Travellers Affected By Trump's Immigration Ban Get Help From Airport Lawyer
Feb 09, 2017 02:57 PM EST
Volunteer software developers and lawyers have created a website over the weekend to help connect free lawyers with travelers who are affected by President Donald Trump's travel ban.
Airport Lawyer allows the input of information by users regarding individuals targeted by the ban who are traveling to the United States - regardless of whether it's a friend, family member or the user themself. The information can then be shared with multiple lawyers who are available at the respective airports to monitor arrivals.
President Trump's executive order (also known as the 'Muslim ban') temporarily bans immigrants and refugees of seven Muslim-majority countries from setting foot in the United States. A San Francisco federal appeals court heard oral arguments this Tuesday deciding the legality of the executive order by the Trump administration.
In an interview with the Washington Post, Takao Yamada, one of the lawyers who works for the website, said "Two of the scariest things for people waiting at the airport are not knowing what's going on with their loved ones, and if something is going on, not knowing what to do about it." He added, "We can help them find out and get them some help."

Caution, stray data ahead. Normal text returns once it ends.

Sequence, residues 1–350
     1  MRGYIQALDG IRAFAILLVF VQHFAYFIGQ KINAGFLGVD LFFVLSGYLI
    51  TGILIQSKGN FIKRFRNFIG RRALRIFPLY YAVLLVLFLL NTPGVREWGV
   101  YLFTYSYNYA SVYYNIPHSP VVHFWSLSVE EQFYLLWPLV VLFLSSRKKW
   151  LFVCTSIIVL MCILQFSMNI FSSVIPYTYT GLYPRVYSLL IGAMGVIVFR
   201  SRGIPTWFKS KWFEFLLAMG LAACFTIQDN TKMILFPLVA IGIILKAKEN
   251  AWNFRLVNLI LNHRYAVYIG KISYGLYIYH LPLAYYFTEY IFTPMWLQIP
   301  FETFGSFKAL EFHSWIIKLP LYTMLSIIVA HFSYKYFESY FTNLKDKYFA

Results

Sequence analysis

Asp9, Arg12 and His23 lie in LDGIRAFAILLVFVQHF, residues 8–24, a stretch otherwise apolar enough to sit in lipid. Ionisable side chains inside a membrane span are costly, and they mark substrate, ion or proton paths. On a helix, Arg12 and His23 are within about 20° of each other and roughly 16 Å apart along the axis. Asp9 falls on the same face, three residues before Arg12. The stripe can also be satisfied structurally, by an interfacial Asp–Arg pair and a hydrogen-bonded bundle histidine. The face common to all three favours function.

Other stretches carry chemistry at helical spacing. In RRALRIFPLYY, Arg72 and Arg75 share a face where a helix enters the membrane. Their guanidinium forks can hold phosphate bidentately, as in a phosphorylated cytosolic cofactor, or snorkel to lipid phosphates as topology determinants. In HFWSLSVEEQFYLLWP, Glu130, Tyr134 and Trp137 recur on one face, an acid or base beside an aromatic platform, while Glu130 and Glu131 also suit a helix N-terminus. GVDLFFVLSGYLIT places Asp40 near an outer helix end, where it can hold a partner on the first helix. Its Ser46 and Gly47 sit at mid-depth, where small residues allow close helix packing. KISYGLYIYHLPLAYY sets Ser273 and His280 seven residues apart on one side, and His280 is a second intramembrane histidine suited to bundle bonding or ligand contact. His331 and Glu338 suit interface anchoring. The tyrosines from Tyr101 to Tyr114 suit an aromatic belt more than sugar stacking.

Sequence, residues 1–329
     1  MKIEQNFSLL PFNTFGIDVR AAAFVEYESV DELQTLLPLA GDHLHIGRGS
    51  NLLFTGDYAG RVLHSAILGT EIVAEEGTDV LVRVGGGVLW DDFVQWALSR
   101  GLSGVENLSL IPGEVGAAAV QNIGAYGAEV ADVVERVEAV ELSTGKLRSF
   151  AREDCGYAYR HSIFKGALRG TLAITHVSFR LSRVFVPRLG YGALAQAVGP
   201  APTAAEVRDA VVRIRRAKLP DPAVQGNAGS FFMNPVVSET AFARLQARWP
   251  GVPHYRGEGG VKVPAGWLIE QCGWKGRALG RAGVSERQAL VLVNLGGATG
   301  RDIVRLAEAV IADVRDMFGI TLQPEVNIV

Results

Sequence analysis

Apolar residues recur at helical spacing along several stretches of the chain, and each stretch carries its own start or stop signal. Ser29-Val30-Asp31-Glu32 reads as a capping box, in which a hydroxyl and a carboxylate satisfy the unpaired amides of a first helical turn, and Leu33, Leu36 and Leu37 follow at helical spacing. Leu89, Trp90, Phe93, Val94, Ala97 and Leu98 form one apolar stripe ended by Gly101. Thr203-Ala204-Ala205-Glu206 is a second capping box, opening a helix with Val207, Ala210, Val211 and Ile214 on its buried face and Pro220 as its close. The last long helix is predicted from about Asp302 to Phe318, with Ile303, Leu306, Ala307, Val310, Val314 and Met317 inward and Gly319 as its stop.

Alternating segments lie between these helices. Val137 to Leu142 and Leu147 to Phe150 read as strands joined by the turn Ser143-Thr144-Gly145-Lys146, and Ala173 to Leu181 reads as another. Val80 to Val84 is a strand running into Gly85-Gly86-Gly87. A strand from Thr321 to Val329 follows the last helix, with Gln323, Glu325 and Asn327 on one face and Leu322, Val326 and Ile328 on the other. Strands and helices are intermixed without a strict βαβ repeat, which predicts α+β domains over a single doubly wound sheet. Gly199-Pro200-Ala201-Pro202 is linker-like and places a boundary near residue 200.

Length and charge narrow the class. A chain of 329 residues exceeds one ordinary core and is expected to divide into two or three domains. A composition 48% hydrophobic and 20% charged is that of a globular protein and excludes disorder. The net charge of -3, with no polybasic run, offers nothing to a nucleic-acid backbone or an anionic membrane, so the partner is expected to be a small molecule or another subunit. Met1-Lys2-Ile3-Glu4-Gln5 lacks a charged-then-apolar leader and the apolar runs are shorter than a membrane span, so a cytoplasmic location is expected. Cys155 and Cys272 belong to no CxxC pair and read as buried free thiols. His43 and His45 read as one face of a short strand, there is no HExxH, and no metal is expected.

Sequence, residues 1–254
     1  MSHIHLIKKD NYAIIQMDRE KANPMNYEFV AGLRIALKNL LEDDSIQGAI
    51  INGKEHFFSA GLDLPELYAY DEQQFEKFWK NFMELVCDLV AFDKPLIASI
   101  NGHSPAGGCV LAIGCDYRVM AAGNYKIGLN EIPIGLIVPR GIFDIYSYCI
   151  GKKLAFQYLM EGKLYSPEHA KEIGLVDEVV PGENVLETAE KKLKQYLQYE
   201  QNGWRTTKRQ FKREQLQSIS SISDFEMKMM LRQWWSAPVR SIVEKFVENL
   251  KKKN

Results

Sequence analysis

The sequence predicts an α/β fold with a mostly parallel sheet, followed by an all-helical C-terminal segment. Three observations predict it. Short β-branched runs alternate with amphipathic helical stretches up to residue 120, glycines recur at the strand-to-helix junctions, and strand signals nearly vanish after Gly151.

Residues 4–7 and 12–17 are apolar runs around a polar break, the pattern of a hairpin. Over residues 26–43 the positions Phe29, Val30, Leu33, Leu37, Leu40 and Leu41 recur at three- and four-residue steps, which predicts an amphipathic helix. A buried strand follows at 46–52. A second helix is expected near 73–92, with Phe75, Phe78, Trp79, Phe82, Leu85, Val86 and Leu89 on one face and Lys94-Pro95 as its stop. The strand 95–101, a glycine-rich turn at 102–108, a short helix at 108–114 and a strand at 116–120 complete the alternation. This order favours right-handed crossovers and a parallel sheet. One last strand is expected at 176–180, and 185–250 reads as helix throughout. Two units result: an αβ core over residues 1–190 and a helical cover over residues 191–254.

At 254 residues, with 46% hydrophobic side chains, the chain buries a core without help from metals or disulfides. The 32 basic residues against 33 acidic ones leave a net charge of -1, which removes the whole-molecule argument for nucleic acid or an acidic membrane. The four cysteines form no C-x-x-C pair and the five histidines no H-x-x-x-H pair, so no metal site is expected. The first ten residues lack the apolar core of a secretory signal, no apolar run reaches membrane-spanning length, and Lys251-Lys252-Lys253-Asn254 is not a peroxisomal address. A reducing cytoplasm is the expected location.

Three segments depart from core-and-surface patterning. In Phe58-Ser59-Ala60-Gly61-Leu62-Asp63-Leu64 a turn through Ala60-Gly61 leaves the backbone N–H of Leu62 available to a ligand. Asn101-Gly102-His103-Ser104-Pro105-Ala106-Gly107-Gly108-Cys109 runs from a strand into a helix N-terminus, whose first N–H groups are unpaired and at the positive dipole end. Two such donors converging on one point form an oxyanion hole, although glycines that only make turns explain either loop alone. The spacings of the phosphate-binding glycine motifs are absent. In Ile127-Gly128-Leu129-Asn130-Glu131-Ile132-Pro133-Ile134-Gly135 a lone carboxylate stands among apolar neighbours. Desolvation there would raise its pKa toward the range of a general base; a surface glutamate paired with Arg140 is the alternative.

Yamada is a co-founder of ReUp, a tech startup, and has been volunteering at the Seattle-Tacoma International Airport. The project lead is a Seattle-area immigration lawyer, Greg McLawsen. While speaking to the Washington Post, he shared how the website came into being. McLawsen stated that he was informed by a colleague who worked at a legal data-management company, Clio, how the company could help.
Volunteer lawyers have previously been granted access to Clio's legal software. Clio was also receiving inquiries regarding a secure intake form in order to organize points of contact with groups of volunteers. McLawsen got in touch with many other Seattle-area lawyers, including Yamada. The lawyers also worked with Neota Logic, a legal software company, which donated technology to the website.